So in other words, solar power is not a replacement for nuclear power.  Or any other baseload power such as coal-fired power plants.  Power demand will far exceed power supply.  Leading to higher costs as they try to ration electric power.  And a lot of power outages.  Some longer than others.  Especially when powerful typhoons and/or storm surges blow in.  As they often do in the Pacific Ocean.

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Anti-Nuclear Crowd yearns for Chernobyl in Japan

Posted by PITHOCRATES - March 13th, 2011

Enough of Exploiting Japan’s Disaster for Political Gain

First it was an environmentalist saying global warming caused the 8.9 magnitude earthquake.  A sure grasping of straws in their quest to move man back into the cave.  Then it was anti-nuclear power Rep. Edward Markey of Massachusetts, the senior Democrat on the House Natural Resources Committee, who said we should learn from Japan’s near Chernobyl-like disaster.  And move back into the cave.  And now it’s Senator Joe Lieberman, chairman of the Senate Homeland Security and Governmental Affairs Committee, chiming in (see “Put the brakes” on nuclear power plants: Lieberman by Will Dunham posted 3/13/2011 on Reuters).

“I don’t want to stop the building of nuclear power plants,” independent Senator Joe Lieberman, chairman of the Senate Homeland Security and Governmental Affairs Committee, said on the CBS program “Face the Nation.”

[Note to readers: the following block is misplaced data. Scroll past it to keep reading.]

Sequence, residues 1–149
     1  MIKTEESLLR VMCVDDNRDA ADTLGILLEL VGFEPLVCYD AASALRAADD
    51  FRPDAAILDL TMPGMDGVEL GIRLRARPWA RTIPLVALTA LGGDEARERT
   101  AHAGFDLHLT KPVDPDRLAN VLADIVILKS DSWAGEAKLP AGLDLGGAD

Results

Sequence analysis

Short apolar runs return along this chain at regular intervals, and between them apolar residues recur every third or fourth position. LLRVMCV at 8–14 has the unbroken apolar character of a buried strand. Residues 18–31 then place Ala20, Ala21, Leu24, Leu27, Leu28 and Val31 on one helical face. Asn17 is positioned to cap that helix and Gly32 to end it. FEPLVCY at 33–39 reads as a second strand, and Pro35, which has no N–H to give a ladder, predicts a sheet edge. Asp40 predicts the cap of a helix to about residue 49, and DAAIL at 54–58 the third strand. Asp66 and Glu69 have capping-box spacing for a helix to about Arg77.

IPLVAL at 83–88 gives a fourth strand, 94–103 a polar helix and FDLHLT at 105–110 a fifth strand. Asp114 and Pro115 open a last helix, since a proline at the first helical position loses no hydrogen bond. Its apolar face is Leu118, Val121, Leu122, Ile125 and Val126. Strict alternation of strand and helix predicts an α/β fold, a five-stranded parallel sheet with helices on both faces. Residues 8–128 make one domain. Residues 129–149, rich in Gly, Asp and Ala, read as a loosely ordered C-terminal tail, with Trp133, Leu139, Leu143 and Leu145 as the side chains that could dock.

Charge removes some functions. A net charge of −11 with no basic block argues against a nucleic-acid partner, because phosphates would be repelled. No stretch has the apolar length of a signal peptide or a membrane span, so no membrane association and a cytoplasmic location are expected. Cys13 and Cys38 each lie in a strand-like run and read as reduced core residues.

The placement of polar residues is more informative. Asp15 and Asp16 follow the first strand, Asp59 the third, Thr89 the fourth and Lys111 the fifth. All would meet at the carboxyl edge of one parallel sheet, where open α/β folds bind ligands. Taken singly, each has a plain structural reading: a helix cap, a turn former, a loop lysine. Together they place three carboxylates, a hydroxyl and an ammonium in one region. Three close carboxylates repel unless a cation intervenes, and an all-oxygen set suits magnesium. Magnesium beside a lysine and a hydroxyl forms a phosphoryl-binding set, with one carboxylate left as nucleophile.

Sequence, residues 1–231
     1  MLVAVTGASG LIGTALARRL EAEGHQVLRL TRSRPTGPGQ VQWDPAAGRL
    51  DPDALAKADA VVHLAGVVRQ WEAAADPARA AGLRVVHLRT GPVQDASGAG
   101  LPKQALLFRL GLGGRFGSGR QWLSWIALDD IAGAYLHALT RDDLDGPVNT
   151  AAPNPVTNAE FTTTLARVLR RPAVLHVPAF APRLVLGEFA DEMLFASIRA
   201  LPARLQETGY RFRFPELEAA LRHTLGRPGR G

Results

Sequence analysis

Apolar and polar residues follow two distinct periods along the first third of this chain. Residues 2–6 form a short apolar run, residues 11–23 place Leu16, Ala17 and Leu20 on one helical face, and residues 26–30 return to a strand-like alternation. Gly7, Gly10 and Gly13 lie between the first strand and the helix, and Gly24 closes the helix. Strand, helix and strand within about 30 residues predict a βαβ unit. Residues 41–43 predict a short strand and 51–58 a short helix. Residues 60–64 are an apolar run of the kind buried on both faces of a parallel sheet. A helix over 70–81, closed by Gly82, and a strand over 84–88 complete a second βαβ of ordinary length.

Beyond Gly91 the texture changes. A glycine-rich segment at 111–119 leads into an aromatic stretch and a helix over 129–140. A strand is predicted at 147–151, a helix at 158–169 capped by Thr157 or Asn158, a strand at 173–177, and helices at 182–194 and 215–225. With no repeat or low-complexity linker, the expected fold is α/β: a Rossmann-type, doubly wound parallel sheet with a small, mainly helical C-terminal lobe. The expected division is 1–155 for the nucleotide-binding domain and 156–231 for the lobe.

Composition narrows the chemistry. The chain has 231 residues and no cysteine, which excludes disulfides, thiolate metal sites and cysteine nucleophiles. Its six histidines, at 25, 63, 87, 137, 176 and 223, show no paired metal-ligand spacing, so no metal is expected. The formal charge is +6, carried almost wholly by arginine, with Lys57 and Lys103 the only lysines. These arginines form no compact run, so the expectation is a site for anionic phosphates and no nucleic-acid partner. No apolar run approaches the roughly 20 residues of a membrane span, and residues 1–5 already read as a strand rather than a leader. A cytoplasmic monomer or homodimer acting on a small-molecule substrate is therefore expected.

“But I think we’ve got to kind of quietly put, quickly put the brakes on until we can absorb what has happened in Japan as a result of the earthquake and the tsunami and then see what more, if anything, we can demand of the new power plants that are coming on line,” Lieberman added.

Put the brakes on?  What, he wants to slow down from the breakneck speed we’re building new nuclear power plants and bringing them on line?  That’s going to be pretty hard to do considering the speed we’re going at.  I mean, when was the last time we built a nuclear power plant in the United States?

It’s not about what happened at the Fukushima Power Plant, it’s about what hasn’t Happened

We’re missing the big picture here.  The nuke plants didn’t kill or wipe out cities yet.  Like the earthquake-tsunami one-two punch has.  Let’s not lose sight of that little fact (see Nuclear Overreactions posted 3/14/2011 on The Wall Street Journal).

Part of the problem is the lack of media proportion about the disaster itself. The quake and tsunami have killed hundreds, and probably thousands, with tens of billions of dollars in damage. The energy released by the quake off Sendei is equivalent to about 336 megatons of TNT, or 100 more megatons than last year’s quake in Chile and thousands of times the yield of the nuclear explosion at Hiroshima. The scale of the tragedy is epic.